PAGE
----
Please note: We have mainly written about England, as that is the country within the UK where our students live. We would be very happy for schools and visitors to send us information we can add to our website on Wales and Scotland.
Contrary to popular belief, it DOES NOT rain every day in England or in the rest of the UK! However, it is always advisable to bring some type of waterproof clothing and keep yourself psychologically prepared! ;-))
We never know what the weather will be like from one day to the other. It can be sunny one day and rainy the next. As we have such a variable climate changing from from day to day, it is difficult to predict the weather. In general we have warm summers and cool winters. Our summers are cooler than those on the continent, but the winters are milder.
The overall climate in England is called temperate maritime. This means that it is mild with temperatures not much lower than 0ºC in winter and not much higher than 32ºC in summer. It also means that it is damp and is subject to frequent changes.
July and August are normally the warmest month in England.
Around the coasts, February is normally the coldest month, but inland there is little to choose between January and February as the coldest month.
Probably the best months to travel in England are May, June, September and October. These months generally have the most pleasant temperatures and less rain. July and August are the warmest months, but they are also the wettest. The sunniest parts of the Britain are along the south coast of England.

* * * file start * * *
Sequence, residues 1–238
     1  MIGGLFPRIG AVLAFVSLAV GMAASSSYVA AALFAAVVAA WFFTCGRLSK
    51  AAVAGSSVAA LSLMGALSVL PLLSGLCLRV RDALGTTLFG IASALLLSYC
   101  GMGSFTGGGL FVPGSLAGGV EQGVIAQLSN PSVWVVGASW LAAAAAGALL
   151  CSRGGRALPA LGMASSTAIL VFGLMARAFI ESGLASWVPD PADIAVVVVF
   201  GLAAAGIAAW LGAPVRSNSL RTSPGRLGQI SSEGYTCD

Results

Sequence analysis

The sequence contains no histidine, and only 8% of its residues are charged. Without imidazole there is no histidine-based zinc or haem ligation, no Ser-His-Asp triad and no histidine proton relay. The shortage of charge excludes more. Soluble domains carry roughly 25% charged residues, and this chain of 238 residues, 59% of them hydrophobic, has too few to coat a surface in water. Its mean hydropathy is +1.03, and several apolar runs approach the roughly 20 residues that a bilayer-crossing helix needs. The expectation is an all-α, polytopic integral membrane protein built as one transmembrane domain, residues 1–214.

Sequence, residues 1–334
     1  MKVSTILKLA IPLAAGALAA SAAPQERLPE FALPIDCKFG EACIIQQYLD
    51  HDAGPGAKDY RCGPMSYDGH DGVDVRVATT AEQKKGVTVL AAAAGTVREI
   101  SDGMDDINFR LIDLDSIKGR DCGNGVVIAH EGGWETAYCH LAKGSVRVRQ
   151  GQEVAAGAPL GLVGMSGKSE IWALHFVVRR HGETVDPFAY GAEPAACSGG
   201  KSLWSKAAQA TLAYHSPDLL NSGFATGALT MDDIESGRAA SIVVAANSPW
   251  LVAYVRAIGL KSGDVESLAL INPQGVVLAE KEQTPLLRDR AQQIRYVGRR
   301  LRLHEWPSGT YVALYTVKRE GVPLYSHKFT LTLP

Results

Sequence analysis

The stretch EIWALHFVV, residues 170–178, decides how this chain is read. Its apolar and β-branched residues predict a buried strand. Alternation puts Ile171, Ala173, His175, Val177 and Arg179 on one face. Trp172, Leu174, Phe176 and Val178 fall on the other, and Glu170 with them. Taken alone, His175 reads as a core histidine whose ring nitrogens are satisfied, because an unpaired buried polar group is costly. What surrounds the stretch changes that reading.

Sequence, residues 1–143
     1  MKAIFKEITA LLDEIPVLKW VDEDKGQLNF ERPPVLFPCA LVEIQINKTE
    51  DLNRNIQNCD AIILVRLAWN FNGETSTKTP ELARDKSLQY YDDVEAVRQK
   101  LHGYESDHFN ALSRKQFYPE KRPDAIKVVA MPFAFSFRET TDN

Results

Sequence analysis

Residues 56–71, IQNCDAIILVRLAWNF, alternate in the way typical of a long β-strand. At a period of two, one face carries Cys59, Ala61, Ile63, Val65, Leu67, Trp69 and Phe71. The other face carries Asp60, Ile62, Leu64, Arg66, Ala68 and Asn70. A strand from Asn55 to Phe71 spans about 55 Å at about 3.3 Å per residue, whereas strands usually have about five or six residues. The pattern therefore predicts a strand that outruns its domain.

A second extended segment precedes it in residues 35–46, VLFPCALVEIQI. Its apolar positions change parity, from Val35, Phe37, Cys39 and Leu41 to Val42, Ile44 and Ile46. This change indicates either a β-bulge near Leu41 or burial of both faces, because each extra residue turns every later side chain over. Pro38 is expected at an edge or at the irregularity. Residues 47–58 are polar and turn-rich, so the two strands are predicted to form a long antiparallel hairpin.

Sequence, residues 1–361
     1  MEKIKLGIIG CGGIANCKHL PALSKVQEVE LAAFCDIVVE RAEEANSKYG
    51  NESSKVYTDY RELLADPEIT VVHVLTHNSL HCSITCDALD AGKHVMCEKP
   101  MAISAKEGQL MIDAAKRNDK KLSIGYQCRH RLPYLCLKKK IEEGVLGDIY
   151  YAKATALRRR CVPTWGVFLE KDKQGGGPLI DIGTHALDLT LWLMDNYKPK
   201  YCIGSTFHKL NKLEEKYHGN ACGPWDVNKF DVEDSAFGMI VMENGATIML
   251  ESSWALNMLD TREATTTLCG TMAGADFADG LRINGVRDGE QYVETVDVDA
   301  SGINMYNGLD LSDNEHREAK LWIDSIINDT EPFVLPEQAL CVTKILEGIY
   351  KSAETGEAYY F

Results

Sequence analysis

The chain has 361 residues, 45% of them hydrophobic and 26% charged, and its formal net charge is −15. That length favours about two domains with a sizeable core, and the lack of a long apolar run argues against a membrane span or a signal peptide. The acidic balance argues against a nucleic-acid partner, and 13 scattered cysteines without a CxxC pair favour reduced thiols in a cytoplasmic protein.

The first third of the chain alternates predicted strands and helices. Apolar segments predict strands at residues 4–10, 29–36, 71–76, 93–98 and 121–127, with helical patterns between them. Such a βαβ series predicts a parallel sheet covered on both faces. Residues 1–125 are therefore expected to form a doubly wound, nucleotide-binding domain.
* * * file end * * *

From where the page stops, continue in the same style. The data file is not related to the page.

2007 - June and July have been the wettest months we have had for years. Many places have been flooded. August is turning out to be hot and dry.
Rain is fairly well distributed throughout the year, with late winter/spring (February to March) the driest period and autumn/winter (October to January) the wettest.
The Lake District is England's wettest region, receiving and average of 130 inches (330 centimeters) of precipitation each year. The western and northern hills receive about 40 inches (102 centimeters) of rain, while the east coast receives about 20 inches (51 centimetres).
|Autumn 2000 was the wettest since records began in 1766, with a total of 503 millimetres of rainfall for September, October and November.
What influences the weather?
The main influence on our climate is our close proximity to the Atlantic Ocean, our northern latitude, and the warming of the waters around the land by the Gulf Stream (a warm current of the northern Atlantic Ocean).
Our island is small compared with the other land masses in the northern hemisphere – hence Britain is more influenced by the ocean compared with other European countries, and the Gulf Stream helps to keep winters milder compared with other landlocked nations with a similar latitude.
Find out more ...
|The highest monthly total of sunshine on record is 384 hours in Eastbourne and Hastings, Sussex, in July 1911.
During June, July and August (the months of longest daylight) the mean daily duration of sunshine varies from five hours in northern Scotland to eight hours in the Isle of Wight.
During the months of shortest daylight (November, December and January) sunshine is at a minimum, with an average of an hour a day in northern Scotland and two hours a day on the south coast of England.
Find out more about the length of daylight through the year